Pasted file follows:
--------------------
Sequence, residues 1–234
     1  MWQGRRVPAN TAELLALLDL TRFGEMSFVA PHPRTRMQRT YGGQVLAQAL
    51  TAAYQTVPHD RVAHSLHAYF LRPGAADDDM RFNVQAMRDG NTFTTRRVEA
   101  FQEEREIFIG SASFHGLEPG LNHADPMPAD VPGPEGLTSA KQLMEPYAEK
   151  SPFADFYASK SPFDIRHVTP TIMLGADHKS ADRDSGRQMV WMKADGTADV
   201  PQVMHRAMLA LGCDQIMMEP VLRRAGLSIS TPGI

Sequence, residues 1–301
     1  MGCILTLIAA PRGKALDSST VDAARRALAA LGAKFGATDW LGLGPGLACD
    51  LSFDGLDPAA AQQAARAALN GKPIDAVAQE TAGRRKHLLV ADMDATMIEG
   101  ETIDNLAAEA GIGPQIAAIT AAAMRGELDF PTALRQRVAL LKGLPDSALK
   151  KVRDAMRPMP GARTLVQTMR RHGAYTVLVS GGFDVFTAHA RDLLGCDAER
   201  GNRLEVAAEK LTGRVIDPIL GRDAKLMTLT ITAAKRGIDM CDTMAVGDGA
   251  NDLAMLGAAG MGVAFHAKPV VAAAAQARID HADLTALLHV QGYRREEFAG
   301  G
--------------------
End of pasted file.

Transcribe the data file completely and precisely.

Sequence, residues 1–234
     1  MWQGRRVPAN TAELLALLDL TRFGEMSFVA PHPRTRMQRT YGGQVLAQAL
    51  TAAYQTVPHD RVAHSLHAYF LRPGAADDDM RFNVQAMRDG NTFTTRRVEA
   101  FQEEREIFIG SASFHGLEPG LNHADPMPAD VPGPEGLTSA KQLMEPYAEK
   151  SPFADFYASK SPFDIRHVTP TIMLGADHKS ADRDSGRQMV WMKADGTADV
   201  PQVMHRAMLA LGCDQIMMEP VLRRAGLSIS TPGI

Sequence, residues 1–301
     1  MGCILTLIAA PRGKALDSST VDAARRALAA LGAKFGATDW LGLGPGLACD
    51  LSFDGLDPAA AQQAARAALN GKPIDAVAQE TAGRRKHLLV ADMDATMIEG
   101  ETIDNLAAEA GIGPQIAAIT AAAMRGELDF PTALRQRVAL LKGLPDSALK
   151  KVRDAMRPMP GARTLVQTMR RHGAYTVLVS GGFDVFTAHA RDLLGCDAER
   201  GNRLEVAAEK LTGRVIDPIL GRDAKLMTLT ITAAKRGIDM CDTMAVGDGA
   251  NDLAMLGAAG MGVAFHAKPV VAAAAQARID HADLTALLHV QGYRREEFAG
   301  G